Beckham was a more moderate governor than Goebel would likely have been. The late Kenton Countian had campaign upon being vividly against the powerful railroad lobby, but, once in office, Beckham was fairly conciliatory towards them.

In another move that eased tensions, Beckham turned against Goebel’s controversial election law, which critics, both Republican and Democrat, saw as unethical. It was repealed in 1900, two years after its passage.

William Goebel’s assassin would never be definitively proven but the shadow of his death hung over Beckham’s subsequent administration, and the repeated attempts to name a county after him.

The first effort to create a Beckham County would come from Olive Hill, and like most things in Kentucky politics, in the end it came down to a matter of Democrats versus Republicans.



Kentucky dominated by Democrats after Civil War. Klotter, James C. William Goebel: The Politics of Wrath. Lexington, KY: University Press of Kentucky, 1977. Pages 12–13.

First Republican Governor. Walton, W.P., ed. “Bradley, Elected Governor of Kentucky by Nearly 20,000.” Semi-Weekly Interior Journal (Stanford, Kentucky), November 08, 1895. Page 2. Accessed May 23, 2019. Kentucky Digital Library.

Goebel against railroad monopoly. “Goebel on the Issues: Opening Speech at Mayfield of the Democratic Nominee for Governor.” The Courier-Journal (Louisville, Kentucky), August 13, 1899. Page 16. Accessed May 23, 2019. Behind paywall. Illustrative speech.

Goebel election board. “Goebel Election Law.” In The Kentucky Encyclopedia, edited by John E. Kleber. Lexington, KY: University Press of Kentucky, 1992. Page 378.

Goebel secures Democratic nomination. Klotter. 56–63.

Beckham secures Lieutenant Governor nomination. “Other Races Will Be Settled To-Day.” The Courier-Journal (Louisville, Kentucky), June 28, 1899. Accessed June 2, 2019. Behind paywall.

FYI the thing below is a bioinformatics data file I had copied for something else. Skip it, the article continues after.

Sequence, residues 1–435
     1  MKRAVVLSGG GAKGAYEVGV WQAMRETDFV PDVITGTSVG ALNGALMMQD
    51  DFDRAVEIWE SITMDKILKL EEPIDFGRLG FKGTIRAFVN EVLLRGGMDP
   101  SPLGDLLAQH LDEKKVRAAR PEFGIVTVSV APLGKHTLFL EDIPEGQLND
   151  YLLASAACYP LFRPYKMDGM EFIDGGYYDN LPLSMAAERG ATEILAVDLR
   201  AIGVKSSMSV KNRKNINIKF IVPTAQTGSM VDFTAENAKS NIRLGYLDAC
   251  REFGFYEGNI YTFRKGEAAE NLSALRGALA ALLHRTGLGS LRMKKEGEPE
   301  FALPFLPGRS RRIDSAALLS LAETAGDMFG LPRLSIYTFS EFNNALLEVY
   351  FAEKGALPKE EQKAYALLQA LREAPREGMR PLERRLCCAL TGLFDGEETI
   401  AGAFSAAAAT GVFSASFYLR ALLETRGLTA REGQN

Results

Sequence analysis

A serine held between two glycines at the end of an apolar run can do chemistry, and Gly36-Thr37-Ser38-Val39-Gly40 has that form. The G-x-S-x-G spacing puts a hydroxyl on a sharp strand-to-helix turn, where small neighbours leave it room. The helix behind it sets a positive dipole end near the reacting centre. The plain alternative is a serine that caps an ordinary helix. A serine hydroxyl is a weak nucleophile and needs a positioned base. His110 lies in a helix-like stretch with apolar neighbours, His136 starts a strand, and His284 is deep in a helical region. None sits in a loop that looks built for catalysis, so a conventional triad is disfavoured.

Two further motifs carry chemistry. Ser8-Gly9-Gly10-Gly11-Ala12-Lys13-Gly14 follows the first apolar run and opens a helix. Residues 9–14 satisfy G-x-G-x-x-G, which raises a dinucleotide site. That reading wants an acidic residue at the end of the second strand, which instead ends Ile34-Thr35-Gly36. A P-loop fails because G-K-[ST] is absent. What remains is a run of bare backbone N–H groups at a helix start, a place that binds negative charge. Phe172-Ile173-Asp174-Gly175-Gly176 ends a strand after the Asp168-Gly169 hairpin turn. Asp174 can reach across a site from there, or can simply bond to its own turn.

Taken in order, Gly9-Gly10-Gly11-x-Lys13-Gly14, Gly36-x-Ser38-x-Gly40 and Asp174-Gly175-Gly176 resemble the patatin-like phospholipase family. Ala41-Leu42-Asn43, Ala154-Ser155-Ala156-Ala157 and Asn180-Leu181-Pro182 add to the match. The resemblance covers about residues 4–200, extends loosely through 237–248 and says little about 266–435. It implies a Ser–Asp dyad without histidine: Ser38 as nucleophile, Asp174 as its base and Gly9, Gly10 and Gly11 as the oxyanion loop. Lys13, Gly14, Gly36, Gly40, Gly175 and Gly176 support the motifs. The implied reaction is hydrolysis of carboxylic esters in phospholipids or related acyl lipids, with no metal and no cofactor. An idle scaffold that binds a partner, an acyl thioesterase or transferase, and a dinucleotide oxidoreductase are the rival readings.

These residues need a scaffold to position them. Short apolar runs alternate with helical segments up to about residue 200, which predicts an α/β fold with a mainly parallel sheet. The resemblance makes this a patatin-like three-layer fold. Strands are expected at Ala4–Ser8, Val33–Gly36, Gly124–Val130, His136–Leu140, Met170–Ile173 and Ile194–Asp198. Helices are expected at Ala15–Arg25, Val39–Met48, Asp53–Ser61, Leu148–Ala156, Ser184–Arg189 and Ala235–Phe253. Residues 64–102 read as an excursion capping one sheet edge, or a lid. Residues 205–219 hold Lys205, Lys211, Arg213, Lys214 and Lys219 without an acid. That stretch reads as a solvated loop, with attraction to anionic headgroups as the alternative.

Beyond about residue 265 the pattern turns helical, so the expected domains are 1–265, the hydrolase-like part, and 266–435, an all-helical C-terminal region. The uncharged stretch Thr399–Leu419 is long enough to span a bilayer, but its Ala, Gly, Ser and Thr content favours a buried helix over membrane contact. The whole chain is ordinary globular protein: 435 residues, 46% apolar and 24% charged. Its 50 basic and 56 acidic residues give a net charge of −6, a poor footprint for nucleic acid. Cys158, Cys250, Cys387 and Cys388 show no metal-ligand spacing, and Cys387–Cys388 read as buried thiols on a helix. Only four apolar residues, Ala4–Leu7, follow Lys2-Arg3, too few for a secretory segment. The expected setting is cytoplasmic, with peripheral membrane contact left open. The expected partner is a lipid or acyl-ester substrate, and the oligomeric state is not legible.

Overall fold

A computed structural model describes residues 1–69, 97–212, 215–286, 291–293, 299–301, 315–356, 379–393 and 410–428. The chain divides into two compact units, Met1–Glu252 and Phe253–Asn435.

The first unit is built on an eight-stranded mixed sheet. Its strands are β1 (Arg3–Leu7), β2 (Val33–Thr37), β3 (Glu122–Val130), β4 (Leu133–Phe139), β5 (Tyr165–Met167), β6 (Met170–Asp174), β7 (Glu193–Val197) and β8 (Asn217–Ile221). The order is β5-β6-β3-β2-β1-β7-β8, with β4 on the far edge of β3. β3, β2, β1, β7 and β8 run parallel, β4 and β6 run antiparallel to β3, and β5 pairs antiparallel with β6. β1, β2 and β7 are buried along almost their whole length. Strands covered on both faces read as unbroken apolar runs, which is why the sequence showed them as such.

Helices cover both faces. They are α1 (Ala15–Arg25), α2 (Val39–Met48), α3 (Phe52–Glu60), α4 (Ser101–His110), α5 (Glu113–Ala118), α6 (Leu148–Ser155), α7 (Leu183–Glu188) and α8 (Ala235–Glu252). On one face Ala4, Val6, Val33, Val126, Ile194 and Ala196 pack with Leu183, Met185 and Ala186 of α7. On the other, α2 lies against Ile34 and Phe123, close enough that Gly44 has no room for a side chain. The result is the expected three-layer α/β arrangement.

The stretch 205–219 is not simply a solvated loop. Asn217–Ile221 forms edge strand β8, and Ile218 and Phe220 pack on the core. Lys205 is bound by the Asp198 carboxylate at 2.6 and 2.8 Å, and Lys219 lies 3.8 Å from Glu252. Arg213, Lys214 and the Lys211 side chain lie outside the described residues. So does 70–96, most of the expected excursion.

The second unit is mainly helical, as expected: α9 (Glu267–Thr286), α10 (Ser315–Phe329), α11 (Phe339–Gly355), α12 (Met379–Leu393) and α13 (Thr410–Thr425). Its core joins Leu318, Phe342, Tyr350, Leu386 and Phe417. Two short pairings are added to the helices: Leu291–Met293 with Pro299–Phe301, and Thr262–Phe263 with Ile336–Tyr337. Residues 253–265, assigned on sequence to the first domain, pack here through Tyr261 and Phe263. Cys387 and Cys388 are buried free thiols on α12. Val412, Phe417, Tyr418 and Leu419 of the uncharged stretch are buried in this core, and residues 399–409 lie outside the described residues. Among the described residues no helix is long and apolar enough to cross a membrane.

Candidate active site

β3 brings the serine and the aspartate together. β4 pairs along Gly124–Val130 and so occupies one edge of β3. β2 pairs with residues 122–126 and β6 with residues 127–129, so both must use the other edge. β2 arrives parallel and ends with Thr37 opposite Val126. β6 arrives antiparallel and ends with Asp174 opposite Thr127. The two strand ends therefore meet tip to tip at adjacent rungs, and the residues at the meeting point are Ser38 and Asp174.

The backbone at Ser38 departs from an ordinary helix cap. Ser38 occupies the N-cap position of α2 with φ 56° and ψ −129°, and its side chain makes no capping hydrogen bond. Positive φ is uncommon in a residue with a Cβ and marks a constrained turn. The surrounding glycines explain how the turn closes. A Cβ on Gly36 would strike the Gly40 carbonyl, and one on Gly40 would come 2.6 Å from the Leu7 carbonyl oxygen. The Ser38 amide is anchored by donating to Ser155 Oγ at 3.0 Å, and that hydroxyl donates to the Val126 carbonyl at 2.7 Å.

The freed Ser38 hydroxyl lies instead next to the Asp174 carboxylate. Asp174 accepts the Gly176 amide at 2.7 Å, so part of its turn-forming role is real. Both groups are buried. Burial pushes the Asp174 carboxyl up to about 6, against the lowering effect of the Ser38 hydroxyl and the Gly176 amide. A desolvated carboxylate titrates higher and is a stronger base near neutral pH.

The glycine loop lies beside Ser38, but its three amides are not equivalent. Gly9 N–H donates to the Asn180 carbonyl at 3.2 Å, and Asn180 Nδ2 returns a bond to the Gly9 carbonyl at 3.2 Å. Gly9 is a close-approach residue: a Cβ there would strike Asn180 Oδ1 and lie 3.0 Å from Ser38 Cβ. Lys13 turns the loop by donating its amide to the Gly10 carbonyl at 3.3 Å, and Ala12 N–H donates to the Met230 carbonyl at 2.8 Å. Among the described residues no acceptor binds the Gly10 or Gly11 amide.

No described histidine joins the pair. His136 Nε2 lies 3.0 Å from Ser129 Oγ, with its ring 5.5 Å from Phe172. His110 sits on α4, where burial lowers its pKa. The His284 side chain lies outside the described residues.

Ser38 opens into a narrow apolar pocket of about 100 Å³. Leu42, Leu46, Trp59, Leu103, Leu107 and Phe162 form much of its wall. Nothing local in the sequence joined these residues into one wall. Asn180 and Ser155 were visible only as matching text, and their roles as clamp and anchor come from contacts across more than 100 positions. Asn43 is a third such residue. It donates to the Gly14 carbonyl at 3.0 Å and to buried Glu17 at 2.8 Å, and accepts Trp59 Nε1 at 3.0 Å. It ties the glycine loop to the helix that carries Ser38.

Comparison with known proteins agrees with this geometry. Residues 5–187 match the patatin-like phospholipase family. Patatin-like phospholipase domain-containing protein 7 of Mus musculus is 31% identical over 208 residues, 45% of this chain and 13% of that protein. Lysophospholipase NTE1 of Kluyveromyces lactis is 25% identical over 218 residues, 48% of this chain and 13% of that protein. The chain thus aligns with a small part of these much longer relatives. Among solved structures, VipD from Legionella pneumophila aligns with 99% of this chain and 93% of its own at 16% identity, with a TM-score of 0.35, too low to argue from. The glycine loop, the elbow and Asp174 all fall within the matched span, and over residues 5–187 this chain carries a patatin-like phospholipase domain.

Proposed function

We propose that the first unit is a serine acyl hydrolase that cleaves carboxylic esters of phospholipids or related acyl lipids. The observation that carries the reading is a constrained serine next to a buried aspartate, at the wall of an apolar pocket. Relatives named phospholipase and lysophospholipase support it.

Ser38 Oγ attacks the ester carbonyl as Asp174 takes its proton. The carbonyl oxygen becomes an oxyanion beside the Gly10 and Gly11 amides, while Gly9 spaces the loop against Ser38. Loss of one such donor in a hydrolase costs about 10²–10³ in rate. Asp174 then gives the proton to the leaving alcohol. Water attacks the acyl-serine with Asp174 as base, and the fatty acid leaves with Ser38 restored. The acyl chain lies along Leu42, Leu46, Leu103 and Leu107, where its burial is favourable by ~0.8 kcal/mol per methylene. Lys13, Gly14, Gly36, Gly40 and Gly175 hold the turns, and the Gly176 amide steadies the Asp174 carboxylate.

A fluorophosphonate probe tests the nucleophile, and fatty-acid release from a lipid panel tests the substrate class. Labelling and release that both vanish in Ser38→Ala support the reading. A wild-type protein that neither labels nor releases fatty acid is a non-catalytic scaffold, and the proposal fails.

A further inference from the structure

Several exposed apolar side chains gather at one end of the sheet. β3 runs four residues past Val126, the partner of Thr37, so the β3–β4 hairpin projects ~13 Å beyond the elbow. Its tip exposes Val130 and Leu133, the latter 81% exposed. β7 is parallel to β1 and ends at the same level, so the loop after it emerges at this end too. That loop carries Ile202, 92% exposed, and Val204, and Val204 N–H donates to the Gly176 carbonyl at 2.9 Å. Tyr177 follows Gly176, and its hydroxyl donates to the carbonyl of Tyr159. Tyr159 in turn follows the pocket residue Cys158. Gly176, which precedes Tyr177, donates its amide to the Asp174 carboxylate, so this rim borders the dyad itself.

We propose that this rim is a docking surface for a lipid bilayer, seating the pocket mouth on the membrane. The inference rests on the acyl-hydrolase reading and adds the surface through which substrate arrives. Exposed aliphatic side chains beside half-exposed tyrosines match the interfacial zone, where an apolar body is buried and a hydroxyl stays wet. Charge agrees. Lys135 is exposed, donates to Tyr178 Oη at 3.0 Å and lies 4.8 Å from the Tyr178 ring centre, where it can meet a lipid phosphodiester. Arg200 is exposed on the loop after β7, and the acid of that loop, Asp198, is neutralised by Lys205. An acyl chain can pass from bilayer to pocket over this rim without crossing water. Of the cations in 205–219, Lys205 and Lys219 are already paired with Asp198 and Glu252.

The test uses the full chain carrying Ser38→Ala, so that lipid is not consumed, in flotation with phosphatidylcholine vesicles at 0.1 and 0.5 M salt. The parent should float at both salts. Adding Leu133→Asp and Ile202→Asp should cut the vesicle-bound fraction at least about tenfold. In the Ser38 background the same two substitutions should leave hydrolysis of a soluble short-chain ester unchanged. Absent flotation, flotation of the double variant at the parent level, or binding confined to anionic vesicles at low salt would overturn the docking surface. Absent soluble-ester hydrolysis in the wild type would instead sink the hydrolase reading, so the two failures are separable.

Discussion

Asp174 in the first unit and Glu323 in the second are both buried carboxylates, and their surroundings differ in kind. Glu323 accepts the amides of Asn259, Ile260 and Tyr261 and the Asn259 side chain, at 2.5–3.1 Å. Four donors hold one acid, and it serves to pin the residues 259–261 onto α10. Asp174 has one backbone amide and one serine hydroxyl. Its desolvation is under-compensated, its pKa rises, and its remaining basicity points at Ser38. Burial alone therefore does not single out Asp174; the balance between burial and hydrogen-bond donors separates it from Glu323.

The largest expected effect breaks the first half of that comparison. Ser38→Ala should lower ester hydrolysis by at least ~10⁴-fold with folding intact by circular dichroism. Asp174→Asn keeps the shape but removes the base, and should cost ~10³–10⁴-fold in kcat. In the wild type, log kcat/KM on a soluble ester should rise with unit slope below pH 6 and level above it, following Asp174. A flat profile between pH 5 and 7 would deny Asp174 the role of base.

Election board choses Taylor. Klotter, 86–92.

Legislative committee to decide election. Klotter, 92–96.

“Mountaineers” in Frankfort. “Marched Up The Hill And Down: Taylor’s Army of Intimidation Started Back To Their Homes.” Owensboro Daily Messenger (Owensboro, Kentucky), January 26, 1900. Page 1. Accessed May 23, 2019. Behind paywall.

William Goebel is shot. Moore, Paul M., ed. “Deplorable: Attempted Assassination of Senator Goebel Before the Capitol.” The Bee (Earlington, Kentucky), February 01, 1900. Page 1. Accessed May 23, 2019. Kentucky Digital Library.

Taylor calls in militia. Harrison, Lowell H. “Goebel, William.” In The Kentucky Encyclopedia, edited by John E. Kleber. Lexington, KY: University Press of Kentucky, 1992. Pages 377–378.

Democrats swear in Goebel as governor. Klotter, 102–104.

William Goebel dies. “Complete Is The Work of the Assassin: Gov. Goebel Is Dead.” The Courier-Journal (Louisville, Kentucky), February 04, 1900. Accessed May 23, 2019. Behind paywall.

Supreme Court confirms Beckham. Klotter, 112–114.

Taylor flees. Harrison, Lowell H. Kentucky’s Governors. Lexington, KY: University Press of Kentucky, 1985. Updated Edition. “William Sylvester Taylor”. Pages 131–133.

Beckham’s grandfather, Charles A. Wickliffe. Morton, Jennie C. “Mrs. Julia Wickliffe Beckham.” Register of Kentucky State Historical Society 11, no. 33 (September 1913): 51–55. Accessed May 27, 2019. Obituary of Beckham’s mother.

Beckham as Speaker of the House. Powell, Robert A. Kentucky Governors 1792–2000: Portraits of Kentucky’s Chief Executive from 1792 up to and including the Election of 1999. Tampa, FL: Silverhawke Publications, 2001. Page 69.

Beckham and railroad lobby. Burckel, Nicholas C. “From Beckham to McCreary: The Progressive Record of Kentucky Governors.” The Register of the Kentucky Historical Society 76, no. 4 (October 1978). Accessed July 4, 2019. Pages 292–293.

Beckham turns against election law. Burckel. 290.

Repeal of Goebel election law. “Goebel Election Law.” In The Kentucky Encyclopedia, edited by John E. Kleber. Lexington, KY: University Press of Kentucky, 1992. Page 378.

Goebel’s killer unknown. Harrison, Lowell H. Kentucky’s Governors. Lexington, KY: University Press of Kentucky, 1985. Updated Edition. “William Goebel”. Pages 135–136.